Professor Huxley on Medical Education

Medical Times and Gazette (June 1871)

[602] Professor Huxley distributed the prizes at the Charing-cross Medical College on Friday last. In his able address after the distribution he touched on some points worthy of especial notice. First, with respect to the recipient of the prizes, and those who unsuccessfully competed for them. Whilst he heartily congratulated those who had been successful on the present occasion, he still more heartily expressed a hope that those who had not attained success might continue in their efforts until they did attain it. But he qualified his approval of the prize system in these very remarkable words:– "The successful men in this world were not those who went off at hard gallop, but, if he might use racing phraseology, those who would 'stay.' It often happened that those whose early career was slower and quieter than that of others, exhibited a greater amount of wind and tougher staying power, and came in at the winning-post at last." Nothing more practical or more applicable to the question at issue was ever uttered. Prizes in schools of Medicine are not to be spoken of lightly. They stimulate the energies of the student, and give him a distinction at the commencement of the race, flattering to himself, and promising future success. But the history of prizemen does not bear out this pleasant theory. On the contrary, like precocious children, prizemen too frequently break down in after life. We do not allude to him who is first in a single class, but to him who is first in all departments. As a rule, he is too heavy-weighted with honours to continue the long race of life which is before him. In fact, he has exhausted his energies before the real race of life has commenced. The career of too many successful prizemen affords a melancholy illustration of this fact. Broken down in constitution, their mental energies exhausted, they are "nowhere" when the real struggle has to be made. Professor Huxley himself, we believe, only obtained a certificate of proficiency in physiology. He urged upon his audience the importance of plodding industry, which was often of more service than brilliancy or talent, and of using their Pegasus as a plough-horse, instead of permitting it to soar aloft. He noticed with great satisfaction the important changes which had taken place in the study of Medicine in late years, but there were still great practical difficulties in the way of obtaining efficient teaching in the theoretical branches of the Profession, such as physiology, chemistry, and anatomy, which were what the Scotch called the "Institutes of Medicine." He [693] suggested that those elements of Medicine should be taught by persons devoting themselves entirely to those subjects, in two or three great centres; and if Hospitals were turned to what he believed was their especial and most important work–the practical teaching of those who were already grounded in theory–the state of Medical education would be far different to what it was now, and the effect of such a change would soon be apparent in its results. These are great words, pregnant with an important truth. There can be no question as to the importance of grounding a candidate for the Medical Profession thoroughly in all that is preliminary to the practical duties of his calling. We would say that that preliminary education should not be carried too far. The great mass of the Practitioners of Medicine have to deal with the treatment and cure of disease. It is not necessary, to do that successfully, that every Surgeon-Physician should be a Huxley in physiology and a Graham in chemistry. The landmarks of the practice of Medicine are clear and defined. The most successful in the past, as they will be in the future, to use the language of Matthew Baillie, "are those who combine a competent knowledge of their Profession with good common sense." With regard to Baillie, an anecdote here may not be without its purpose. Baillie, as plain and common-sense a Practitioner as ever devoted himself to the study and practice of Medicine, once met the classic and accomplished Gregory in Edinburgh. They were not satisfied with each other. Gregory said "Baillie knows nothing but Physic"; Baillie retorted, "Gregory knows everything but Physic." Professor Huxley's recommendations will some day be carried out; at present we are scarcely ready for it. But no one can deny that the multiplicity of subjects to which a student has to attend in his short stay at the Medical schools is bewildering and injurious to him. Professor Huxley alluded with much good taste and feeling to the advantage of the free scholarships connected with the Hospital. He had himself been admitted a free scholar at a time when such a privilege was of great importance to him. On the whole, the free scholarships of Charing-cross Hospital have been a success, and the means of affording assistance to many who have done credit to their alma mater by distinguishing themselves in after life.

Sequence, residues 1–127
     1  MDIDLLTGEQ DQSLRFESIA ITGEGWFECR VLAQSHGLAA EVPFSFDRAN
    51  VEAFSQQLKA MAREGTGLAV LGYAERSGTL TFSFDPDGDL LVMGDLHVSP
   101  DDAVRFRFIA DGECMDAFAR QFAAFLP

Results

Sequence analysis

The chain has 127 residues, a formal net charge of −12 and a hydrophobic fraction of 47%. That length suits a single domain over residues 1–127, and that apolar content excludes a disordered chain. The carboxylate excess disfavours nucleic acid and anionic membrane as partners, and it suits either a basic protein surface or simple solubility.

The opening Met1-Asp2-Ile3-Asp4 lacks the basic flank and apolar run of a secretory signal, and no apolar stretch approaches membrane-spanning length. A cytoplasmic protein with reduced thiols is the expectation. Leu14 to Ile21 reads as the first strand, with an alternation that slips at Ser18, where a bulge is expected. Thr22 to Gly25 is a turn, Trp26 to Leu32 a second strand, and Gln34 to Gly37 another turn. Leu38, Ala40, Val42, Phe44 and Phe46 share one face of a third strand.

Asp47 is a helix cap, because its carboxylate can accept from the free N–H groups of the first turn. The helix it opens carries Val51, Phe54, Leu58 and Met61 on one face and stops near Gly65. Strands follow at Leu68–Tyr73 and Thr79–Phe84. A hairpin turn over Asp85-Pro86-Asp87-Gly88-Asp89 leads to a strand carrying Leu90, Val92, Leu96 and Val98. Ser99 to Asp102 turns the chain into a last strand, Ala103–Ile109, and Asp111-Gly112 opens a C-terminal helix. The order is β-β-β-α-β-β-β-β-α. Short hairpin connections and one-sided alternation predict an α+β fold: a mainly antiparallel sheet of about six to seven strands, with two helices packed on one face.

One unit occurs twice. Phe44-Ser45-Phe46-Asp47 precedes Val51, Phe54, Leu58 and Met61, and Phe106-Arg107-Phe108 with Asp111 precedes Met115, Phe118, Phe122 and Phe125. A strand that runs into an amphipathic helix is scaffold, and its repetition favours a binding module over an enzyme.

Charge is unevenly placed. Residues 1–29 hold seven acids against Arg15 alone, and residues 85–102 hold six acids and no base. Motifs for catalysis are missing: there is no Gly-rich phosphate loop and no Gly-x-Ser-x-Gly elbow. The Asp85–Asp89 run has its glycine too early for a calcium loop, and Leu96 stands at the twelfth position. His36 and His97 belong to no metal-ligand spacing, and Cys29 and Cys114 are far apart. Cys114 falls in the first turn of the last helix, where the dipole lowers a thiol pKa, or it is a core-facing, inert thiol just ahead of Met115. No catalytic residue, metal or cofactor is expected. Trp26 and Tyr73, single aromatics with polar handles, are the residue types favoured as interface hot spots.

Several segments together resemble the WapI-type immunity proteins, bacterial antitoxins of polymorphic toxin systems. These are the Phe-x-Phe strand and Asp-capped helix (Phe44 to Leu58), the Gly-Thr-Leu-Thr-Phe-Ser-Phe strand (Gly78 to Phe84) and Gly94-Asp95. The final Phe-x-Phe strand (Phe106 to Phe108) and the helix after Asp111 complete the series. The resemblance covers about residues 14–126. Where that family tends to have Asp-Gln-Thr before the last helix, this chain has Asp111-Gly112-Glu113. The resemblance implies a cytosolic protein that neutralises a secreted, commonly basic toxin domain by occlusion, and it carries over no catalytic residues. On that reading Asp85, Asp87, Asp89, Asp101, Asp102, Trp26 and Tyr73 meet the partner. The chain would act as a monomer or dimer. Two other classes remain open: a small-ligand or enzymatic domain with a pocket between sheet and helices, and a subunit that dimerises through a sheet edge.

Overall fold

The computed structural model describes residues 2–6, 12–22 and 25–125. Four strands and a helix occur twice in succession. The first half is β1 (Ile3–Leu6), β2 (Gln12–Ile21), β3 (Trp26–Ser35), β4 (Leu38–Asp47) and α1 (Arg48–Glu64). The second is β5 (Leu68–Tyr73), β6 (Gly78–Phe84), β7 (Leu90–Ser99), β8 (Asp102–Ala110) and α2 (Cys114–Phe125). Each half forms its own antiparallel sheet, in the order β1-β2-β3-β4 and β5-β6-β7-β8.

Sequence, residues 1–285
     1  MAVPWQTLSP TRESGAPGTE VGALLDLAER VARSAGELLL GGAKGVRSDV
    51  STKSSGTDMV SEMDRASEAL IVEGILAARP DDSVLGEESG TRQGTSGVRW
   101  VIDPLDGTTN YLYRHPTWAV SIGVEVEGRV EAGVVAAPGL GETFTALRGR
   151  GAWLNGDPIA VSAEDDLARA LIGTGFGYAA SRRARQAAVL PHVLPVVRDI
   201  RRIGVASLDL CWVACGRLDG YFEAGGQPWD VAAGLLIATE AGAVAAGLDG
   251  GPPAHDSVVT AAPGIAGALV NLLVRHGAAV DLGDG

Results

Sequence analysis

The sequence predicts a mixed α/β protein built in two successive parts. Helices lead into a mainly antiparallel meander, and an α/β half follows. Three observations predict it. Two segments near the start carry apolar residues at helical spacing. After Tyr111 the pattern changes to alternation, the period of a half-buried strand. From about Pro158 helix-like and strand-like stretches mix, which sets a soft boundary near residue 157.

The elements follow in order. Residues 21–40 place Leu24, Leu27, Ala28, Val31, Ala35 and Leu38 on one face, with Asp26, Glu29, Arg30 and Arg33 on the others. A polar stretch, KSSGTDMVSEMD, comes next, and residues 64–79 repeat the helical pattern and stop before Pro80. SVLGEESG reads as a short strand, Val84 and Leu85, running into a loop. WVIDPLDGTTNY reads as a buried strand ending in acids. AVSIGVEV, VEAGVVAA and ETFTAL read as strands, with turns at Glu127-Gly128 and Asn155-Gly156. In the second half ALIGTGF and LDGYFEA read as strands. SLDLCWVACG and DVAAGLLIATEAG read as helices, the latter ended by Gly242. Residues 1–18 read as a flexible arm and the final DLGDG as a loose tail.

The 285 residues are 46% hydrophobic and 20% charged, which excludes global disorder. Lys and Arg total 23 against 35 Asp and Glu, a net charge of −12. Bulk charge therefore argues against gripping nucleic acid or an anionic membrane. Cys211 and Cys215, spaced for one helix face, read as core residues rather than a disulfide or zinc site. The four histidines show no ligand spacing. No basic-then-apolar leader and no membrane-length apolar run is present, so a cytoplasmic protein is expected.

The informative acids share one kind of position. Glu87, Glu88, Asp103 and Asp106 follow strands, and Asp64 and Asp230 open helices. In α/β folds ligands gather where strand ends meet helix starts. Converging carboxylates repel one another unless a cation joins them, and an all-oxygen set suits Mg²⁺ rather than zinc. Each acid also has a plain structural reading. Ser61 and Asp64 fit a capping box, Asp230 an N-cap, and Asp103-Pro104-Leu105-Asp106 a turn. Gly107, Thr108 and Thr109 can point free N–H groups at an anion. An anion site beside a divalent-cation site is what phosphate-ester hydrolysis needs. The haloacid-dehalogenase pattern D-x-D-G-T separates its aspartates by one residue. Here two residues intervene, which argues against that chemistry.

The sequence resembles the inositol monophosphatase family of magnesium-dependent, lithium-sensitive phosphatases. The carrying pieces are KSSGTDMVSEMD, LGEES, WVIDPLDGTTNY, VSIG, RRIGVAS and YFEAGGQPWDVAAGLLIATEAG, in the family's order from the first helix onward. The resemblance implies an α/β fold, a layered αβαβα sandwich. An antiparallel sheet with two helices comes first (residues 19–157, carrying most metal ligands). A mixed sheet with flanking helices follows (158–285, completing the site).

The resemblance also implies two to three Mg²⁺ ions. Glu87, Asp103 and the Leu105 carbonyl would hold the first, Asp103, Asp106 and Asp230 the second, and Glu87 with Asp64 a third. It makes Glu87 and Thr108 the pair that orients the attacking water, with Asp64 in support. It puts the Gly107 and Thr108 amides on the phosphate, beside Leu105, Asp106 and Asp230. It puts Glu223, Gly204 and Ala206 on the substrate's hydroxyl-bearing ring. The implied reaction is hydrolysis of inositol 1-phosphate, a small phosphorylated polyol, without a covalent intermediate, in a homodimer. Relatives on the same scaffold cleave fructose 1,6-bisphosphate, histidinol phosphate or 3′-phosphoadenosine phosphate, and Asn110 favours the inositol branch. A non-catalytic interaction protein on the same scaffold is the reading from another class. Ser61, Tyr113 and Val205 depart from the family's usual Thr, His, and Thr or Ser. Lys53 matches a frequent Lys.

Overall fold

C. Blinderman & D. Joyce
Clark University